My experience with NHS is a long, painful one. I think this seems to be the norm, unfortunately, but I will write about this in another post. I was referred to see a rheumatologist on two separate occasions, first when I was diagnosed with fibromyalgia and secondly with Ehler-Danlos Syndrome. They present many of the same symptoms, however fibromyalgia has specific ‘trigger’ points for pain which are part of its classification, keeping it separate from other illness classifications. (I see my illnesses as part of one, big umbrella of symptoms). I have about eleven pairs of these trigger-points (in a mirror-image, either side of your body) which when pressed with medium pressure become very sore, very quickly. Pain will often radiate down the body from these points when triggered, a bit like a musical string. I also suffer from intermittent IBS, migraine, muscle soreness and stiffness, and chronic fatigue, which is exacerbated after exercise (also a symptom of ME). Fibromyalgia = check.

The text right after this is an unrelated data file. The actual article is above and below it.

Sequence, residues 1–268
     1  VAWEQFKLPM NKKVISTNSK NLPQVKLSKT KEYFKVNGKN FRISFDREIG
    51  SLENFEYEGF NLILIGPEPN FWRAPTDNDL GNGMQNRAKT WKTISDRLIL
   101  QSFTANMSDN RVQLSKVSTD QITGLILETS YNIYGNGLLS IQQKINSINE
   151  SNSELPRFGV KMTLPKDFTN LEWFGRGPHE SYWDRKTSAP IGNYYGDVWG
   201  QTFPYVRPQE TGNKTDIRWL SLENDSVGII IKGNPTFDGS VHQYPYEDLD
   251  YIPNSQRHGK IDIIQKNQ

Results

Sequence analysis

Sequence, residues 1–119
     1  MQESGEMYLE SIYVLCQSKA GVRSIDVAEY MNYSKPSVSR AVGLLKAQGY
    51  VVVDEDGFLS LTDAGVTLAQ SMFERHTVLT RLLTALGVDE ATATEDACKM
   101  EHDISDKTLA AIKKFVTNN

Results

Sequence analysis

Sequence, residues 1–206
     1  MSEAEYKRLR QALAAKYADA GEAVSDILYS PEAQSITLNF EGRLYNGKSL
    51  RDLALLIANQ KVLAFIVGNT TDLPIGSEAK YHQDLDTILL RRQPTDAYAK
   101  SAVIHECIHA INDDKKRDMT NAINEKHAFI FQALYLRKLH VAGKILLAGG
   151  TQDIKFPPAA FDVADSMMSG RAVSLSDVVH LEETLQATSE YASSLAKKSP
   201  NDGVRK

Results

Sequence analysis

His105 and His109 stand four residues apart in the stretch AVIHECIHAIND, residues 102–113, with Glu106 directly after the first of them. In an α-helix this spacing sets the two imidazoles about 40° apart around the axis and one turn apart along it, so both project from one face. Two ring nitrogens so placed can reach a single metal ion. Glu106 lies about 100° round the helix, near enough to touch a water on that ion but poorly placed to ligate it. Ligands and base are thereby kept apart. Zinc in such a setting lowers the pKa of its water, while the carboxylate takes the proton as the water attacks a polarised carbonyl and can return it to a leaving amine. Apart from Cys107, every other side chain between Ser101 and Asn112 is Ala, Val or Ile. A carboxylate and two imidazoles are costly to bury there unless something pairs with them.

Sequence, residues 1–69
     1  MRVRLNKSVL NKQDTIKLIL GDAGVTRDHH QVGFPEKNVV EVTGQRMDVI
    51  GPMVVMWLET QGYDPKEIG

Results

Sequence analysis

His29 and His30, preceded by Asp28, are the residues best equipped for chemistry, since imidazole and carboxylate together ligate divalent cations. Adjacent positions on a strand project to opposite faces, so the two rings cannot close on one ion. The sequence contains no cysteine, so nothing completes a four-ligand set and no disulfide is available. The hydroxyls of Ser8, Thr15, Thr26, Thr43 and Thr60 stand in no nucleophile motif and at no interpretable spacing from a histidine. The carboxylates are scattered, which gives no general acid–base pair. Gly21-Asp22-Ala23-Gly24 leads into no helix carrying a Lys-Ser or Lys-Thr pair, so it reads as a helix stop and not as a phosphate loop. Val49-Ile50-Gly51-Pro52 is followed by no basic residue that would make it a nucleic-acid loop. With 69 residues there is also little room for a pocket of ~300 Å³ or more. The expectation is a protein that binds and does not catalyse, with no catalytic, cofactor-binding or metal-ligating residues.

Helpful info: http://www.fmauk.org/
#spoonie #chronicpain #fibromyalgia #fibro
Ehlers-Danlos Syndrome also presents muscle pain, stiffness, headache, IBS, joint pain and chronic fatigue, with the added bonus of Postural Tachycardia Syndrome (POTS). It makes your heart leap out of your chest like a horse at the races every time you stand up or climb stairs or have a coffee (mine was horrendous when my chronic fatigue was at its worst, after I burnt-out spectacularly, two years ago). It makes life extremely difficult and you worry every time you move, your ticker is going to give-out. So yeah, that’s great.